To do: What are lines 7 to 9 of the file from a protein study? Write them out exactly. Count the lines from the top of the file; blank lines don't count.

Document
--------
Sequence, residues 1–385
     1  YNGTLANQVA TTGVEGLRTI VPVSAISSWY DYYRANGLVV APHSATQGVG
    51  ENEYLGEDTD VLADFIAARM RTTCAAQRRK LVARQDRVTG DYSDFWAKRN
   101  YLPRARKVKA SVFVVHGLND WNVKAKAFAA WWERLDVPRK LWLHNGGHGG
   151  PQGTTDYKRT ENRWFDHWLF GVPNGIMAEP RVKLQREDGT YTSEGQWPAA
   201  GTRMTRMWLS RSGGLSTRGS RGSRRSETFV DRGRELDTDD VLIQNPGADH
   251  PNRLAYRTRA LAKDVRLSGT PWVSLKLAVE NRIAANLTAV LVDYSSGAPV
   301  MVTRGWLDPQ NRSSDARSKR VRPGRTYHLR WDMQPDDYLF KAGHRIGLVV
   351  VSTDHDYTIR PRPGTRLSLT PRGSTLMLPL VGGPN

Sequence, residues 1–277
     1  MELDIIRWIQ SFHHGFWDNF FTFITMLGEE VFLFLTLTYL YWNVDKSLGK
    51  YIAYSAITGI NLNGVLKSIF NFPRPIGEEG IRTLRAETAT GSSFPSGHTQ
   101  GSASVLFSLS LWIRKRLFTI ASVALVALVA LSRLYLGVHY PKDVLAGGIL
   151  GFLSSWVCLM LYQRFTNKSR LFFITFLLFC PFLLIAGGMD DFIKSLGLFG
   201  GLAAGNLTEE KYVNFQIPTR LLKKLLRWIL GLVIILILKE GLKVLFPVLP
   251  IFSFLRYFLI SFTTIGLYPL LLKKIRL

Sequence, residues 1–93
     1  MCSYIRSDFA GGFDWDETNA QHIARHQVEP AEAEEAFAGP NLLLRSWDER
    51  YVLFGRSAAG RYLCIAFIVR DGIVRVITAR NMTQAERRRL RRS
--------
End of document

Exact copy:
   251  PNRLAYRTRA LAKDVRLSGT PWVSLKLAVE NRIAANLTAV LVDYSSGAPV
   301  MVTRGWLDPQ NRSSDARSKR VRPGRTYHLR WDMQPDDYLF KAGHRIGLVV
   351  VSTDHDYTIR PRPGTRLSLT PRGSTLMLPL VGGPN